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NOTE: We love your comments and work hard to ensure they are welcoming of all perspectives. Disagreements are encouraged, but only if done with tact and respect. BikePortland is an inclusive company with no tolerance for discrimination or harassment including expressions of racism, sexism, homophobia, or xenophobia. If you see a mean or inappropriate comment, please contact us and we'll take a look at it right away. Also, if you comment frequently, please consider holding your thoughts so that others can step forward. Thank you — Jonathan

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Hello, Kitty
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Hello, Kitty

Good news!

Scott H
Guest
Scott H

[Fred Girod] also said he doesn’t like how Portand is being “separated out” and that if Portland wants to reduce deaths on arterials they should take jurisdiction of them away from ODOT.

Um, that’s kind of what we have been trying to do. It would be awesome if people didn’t have to die because of ODOT’s incompetence, so if Fred could go ahead and help Portland, and every other city so that we’re not being “separated out,” show ODOT the door that would be great.

younggods
Guest
younggods

First good news I’ve read all day!

dan
Guest
dan

This is great, but we need enforcement! I live on Lincoln, which is currently posted for 20 mph, and I would guess that a majority of drivers are traveling faster than that.

BB
Guest
BB

Queue the pearlclutchers who are constantly whining about 20 mph being an undue hardship..

rick
Guest
rick

Yes ! So cool ! Next step is more enforcement !

Travis
Guest
Travis

Enforcement.

And Willamette. Willamette with smaller lanes, numerous curves, no buffer, on street parking, lots of wide fast exists, kids crossing for school and parks, UP students getting struck by cars, and a significant chunk without bikes lanes (thanks a handful of neighbors) is still 35 mph compared to Rosa Parks 30 etc. Cause why? Given how important Willamette is to the growing number of commuters and the long-standing weekenders, I don’t understand why more folks are not pressuring on this. Lowering Willamette has been on PBOTs radar for some time now. Maybe in my life time.

GlowBoy
Guest
GlowBoy

This is great. Now Portland can have 20mph limits both on residential streets and in business districts.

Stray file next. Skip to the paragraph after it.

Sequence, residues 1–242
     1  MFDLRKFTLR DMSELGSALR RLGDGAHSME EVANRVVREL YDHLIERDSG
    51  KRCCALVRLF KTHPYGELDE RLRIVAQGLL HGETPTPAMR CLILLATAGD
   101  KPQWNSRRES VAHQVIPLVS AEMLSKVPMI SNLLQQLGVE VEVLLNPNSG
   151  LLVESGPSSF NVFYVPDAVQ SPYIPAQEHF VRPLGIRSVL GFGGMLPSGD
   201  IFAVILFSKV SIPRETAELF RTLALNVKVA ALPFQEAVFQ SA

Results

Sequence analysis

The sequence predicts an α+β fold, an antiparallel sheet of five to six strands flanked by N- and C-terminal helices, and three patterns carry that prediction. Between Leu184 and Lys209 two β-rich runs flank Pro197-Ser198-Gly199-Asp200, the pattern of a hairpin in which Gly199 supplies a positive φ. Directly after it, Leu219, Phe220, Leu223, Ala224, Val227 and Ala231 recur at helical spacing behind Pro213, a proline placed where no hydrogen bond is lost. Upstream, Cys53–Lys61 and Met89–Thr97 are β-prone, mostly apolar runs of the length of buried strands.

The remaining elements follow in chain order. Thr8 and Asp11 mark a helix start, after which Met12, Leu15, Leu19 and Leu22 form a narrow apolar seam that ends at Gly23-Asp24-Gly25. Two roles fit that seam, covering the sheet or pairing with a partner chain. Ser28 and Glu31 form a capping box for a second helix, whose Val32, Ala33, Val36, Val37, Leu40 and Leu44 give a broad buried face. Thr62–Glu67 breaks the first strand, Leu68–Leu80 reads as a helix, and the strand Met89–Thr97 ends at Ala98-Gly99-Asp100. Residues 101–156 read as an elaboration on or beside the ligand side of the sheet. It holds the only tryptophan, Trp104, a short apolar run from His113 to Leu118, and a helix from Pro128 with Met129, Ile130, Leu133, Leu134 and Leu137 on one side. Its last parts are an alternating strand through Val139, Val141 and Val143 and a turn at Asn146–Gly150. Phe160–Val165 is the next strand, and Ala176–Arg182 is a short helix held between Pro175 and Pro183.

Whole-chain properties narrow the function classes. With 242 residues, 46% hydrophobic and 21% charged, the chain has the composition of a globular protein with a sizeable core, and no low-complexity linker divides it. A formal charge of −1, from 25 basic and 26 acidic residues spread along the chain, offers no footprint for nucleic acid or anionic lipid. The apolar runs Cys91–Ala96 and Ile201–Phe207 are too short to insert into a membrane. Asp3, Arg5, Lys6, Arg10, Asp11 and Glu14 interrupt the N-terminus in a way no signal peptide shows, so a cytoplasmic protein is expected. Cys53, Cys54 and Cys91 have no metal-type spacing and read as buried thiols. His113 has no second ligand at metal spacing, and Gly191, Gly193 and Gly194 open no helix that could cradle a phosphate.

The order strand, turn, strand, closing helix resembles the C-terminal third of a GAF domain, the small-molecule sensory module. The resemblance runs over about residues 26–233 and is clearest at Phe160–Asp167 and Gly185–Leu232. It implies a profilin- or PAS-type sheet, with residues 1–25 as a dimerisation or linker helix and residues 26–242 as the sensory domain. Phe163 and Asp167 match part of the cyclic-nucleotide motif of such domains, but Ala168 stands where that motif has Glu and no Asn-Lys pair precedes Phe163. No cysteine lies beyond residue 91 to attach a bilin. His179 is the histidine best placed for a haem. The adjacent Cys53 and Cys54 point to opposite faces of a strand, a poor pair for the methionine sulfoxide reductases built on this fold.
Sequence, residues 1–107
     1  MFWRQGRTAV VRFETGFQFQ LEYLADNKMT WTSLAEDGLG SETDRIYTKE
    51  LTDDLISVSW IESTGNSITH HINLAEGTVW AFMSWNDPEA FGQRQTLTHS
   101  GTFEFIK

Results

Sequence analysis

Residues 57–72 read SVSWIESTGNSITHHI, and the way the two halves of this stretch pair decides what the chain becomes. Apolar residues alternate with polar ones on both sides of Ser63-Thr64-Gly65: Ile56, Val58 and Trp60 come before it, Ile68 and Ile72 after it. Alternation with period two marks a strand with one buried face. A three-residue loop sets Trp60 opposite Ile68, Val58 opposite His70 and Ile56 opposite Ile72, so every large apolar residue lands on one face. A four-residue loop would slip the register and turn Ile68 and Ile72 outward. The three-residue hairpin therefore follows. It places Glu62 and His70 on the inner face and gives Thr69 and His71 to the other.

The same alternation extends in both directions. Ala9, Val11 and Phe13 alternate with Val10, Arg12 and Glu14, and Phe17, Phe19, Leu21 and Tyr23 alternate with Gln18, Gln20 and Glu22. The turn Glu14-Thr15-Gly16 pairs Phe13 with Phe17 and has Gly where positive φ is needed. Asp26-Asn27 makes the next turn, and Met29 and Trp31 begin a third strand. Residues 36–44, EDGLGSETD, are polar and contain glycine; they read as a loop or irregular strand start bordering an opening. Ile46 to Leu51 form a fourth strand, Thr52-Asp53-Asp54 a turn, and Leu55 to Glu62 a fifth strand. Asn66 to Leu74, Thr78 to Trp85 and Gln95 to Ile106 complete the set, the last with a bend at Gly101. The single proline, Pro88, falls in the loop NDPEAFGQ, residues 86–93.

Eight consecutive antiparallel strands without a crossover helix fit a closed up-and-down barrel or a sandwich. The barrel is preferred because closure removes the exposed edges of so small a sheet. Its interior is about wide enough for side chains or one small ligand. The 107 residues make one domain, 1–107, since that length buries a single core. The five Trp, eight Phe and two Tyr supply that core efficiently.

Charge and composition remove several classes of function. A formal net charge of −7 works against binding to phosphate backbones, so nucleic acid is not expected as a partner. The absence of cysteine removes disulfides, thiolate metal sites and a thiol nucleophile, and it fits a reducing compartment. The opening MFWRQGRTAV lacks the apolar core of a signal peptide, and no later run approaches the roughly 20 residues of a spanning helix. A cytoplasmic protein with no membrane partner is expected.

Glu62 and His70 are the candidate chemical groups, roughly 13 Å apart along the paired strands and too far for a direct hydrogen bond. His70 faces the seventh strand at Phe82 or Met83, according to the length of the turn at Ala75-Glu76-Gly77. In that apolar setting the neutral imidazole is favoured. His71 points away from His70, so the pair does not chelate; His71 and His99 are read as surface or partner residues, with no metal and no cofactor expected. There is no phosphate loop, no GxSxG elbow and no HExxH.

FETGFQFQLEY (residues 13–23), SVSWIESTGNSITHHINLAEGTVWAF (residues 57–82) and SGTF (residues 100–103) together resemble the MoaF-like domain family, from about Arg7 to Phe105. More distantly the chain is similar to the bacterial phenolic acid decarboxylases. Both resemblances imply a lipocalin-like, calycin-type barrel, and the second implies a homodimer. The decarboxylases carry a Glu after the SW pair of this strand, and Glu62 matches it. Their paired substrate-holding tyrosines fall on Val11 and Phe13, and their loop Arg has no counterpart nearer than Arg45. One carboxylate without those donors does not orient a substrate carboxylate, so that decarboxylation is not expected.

Wish we could get this kind of sense in Minnesota. We have 30mph limits on both residential and business-district streets. And our residential streets are actually slightly narrower than Portland’s.

SE Rider
Guest
SE Rider

Not to be picky Jonathan, but (unless she’s recently moved) Sarah I. technically lives in SE (Mt. Scott-Arleta), not East Portland)

Audrey
Guest
Audrey

This isn’t 100% on topic, but I just needed to vent that I’ve had a spate of encounters with aggressive drivers recently that I haven’t dealt with in the past. I think people are more and more frustrated with the bad traffic, and are taking it out on slower moving bikes.

Yesterday I was almost hit twice in a 10 second span with my two year old on the back of my XtraCycle as I took the lane on Alberta for like 100 yards in order to cross over I-5. This is people purposely driving aggressively, not inattentiveness, and if a woman with a baby on the back of her bike is taking this kind of abuse I shudder to think of what others are faring.

SD
Subscriber

A moment of sanity and a step in the right direction.

bikeninja
Guest
bikeninja

3 step solution. Lower the speed limit on residential streets. Allow cyclists to turn in speeders cars specially,using electronically registered and calibrated go pro type cameras. After two infractions the speeders cars have mandated governors installed that limit them to 20 mph everywhere. That way we do away with the hassle of figuring out who was driving the car. I would guess after their first trip to Roseburg on I5 going 20 they will rethink their careless behavior

Todd Boulanger
Guest
Todd Boulanger

Now the next step…creating legislative permission to lower school zone speeds [were appropriate] to a 15 mph…similar to cities back east…and other places.

Mike Sanders
Guest
Mike Sanders

Agreed. In MT, I think the school zone speed limit is 15mph.

9watts
Guest
9watts